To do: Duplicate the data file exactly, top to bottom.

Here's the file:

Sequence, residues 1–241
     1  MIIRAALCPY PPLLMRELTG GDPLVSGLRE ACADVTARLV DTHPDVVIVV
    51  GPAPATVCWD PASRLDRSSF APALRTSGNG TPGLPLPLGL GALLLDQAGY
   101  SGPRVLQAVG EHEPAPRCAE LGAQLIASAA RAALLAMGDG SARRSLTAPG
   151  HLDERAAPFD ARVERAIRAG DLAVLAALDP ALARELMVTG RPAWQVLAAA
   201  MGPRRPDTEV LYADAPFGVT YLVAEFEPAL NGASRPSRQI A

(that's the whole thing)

Sequence, residues 1–241
     1  MIIRAALCPY PPLLMRELTG GDPLVSGLRE ACADVTARLV DTHPDVVIVV
    51  GPAPATVCWD PASRLDRSSF APALRTSGNG TPGLPLPLGL GALLLDQAGY
   101  SGPRVLQAVG EHEPAPRCAE LGAQLIASAA RAALLAMGDG SARRSLTAPG
   151  HLDERAAPFD ARVERAIRAG DLAVLAALDP ALARELMVTG RPAWQVLAAA
   201  MGPRRPDTEV LYADAPFGVT YLVAEFEPAL NGASRPSRQI A